There are more advanced techniques, such as machine learning, that when applied to data sets allow organizations to automatically detect anomalies based on historical patterns, rather than a person setting a rule to look for them. With high quality data, healthcare providers can derive additional insights into data that would otherwise go unnoticed.
This is increasingly important as healthcare providers work to modernize their patient care models, while incorporating emerging technologies into treatment. Providers and payers today aren’t simply looking at treating sick patients, they are seeking ways to proactively improve individuals’ overall health and wellness. This means using analytics to predict and prevent the development or deterioration of chronic conditions, and a data governance solution that incorporates analytics and delivers high quality data can help revolutionize our approach to healthcare.
With high quality data at their fingertips, healthcare providers can capitalize on the massive potential surrounding big data. There are a variety of ways big data can help improve patient care while also maximizing value and minimizing costs. Here are just a few.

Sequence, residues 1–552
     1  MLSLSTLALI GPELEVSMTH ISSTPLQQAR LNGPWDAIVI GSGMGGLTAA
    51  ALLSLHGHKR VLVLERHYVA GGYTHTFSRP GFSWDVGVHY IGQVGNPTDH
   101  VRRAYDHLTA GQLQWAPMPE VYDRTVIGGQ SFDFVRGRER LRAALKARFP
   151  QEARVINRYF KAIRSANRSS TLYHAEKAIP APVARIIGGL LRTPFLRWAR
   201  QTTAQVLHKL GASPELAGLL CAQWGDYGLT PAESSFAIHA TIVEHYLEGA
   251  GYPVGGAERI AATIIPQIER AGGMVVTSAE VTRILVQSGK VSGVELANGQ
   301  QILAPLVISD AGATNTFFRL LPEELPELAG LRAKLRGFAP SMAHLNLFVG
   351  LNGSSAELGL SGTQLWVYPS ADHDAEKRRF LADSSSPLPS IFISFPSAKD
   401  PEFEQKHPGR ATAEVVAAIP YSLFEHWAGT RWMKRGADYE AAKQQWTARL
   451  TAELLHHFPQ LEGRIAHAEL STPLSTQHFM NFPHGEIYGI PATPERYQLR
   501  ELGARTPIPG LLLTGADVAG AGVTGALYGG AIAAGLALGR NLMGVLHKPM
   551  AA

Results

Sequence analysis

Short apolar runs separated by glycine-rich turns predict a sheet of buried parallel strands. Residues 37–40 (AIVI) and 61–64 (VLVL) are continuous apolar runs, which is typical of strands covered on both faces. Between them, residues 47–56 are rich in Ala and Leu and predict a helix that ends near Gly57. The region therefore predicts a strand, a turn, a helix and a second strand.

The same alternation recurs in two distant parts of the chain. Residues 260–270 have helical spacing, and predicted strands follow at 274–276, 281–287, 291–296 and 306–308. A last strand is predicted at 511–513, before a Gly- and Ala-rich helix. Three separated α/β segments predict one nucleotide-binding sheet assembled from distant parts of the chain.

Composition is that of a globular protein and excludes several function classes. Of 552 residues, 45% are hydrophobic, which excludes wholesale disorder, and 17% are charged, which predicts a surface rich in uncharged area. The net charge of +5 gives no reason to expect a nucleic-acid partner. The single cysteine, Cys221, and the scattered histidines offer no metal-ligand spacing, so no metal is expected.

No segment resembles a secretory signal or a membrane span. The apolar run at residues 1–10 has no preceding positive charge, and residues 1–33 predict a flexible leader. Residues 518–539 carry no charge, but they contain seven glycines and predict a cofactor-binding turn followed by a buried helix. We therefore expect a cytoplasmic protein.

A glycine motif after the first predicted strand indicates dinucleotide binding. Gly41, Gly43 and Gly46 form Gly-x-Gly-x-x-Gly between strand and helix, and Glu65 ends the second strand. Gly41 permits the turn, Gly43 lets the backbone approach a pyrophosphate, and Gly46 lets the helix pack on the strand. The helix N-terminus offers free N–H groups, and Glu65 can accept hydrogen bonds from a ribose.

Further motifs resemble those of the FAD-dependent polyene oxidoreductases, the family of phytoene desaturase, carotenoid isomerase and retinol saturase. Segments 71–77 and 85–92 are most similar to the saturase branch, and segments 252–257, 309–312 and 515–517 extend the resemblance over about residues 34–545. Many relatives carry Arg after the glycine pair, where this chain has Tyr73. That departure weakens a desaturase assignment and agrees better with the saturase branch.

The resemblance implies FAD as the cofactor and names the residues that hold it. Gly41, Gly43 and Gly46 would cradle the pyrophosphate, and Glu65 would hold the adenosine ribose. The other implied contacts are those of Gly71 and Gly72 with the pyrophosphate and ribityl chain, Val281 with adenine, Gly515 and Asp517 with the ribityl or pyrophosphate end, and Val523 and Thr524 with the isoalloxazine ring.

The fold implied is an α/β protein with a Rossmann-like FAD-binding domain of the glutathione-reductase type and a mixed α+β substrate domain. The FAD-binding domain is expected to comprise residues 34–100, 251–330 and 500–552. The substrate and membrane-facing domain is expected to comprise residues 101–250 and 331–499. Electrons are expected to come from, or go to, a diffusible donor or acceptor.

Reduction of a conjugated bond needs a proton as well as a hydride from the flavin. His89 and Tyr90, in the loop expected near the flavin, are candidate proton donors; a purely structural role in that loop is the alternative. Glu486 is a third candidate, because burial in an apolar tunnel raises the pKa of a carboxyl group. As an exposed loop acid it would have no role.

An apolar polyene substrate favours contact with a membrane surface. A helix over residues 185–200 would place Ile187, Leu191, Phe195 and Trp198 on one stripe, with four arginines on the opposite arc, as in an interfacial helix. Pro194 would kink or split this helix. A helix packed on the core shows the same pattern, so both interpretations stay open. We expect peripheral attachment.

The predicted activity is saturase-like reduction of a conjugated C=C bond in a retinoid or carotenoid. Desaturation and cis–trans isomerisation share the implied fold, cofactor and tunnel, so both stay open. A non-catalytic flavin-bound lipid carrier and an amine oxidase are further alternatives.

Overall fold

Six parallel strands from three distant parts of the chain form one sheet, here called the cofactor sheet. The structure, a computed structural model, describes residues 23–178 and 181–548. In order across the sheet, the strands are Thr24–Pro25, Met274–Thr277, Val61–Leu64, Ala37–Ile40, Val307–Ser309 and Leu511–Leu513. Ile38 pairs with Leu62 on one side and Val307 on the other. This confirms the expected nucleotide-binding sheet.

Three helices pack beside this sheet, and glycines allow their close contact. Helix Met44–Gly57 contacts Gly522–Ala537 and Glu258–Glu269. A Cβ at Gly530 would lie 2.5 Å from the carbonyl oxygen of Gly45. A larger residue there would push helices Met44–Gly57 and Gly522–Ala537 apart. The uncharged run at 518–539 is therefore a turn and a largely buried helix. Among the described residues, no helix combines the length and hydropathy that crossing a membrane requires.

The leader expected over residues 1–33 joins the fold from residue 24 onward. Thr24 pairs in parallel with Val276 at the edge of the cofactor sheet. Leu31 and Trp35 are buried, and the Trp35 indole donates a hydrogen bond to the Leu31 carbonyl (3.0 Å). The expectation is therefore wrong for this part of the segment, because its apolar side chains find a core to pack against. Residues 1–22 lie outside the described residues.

Value-Based Care: Value-based care, or value-based reimbursement, is a catch-all descriptor for payment arrangements where a single price is negotiated for all treatment associated with an episode of care. There may be risk-reward incentives based on outcomes, or providers (such as hospitals, physicians, physical therapists, etc.) share in a lump sum payment for all treatment related to a condition or surgical episode. Under this model, unlike traditional fee-for-service reimbursement, providers are incentivized to improve outcomes and reduce unnecessary care (i.e., increase value) rather than rewarded simply for number of services they provide (i.e., volume). To reach these quality goals and reap the rewards associated with these models, it is imperative that providers implement a data governance program that ensures the integrity and completeness of data as it is shared between healthcare providers. Quality care and optimized outcomes arise when every provider has a full picture of the patient’s health, treatment, and progress.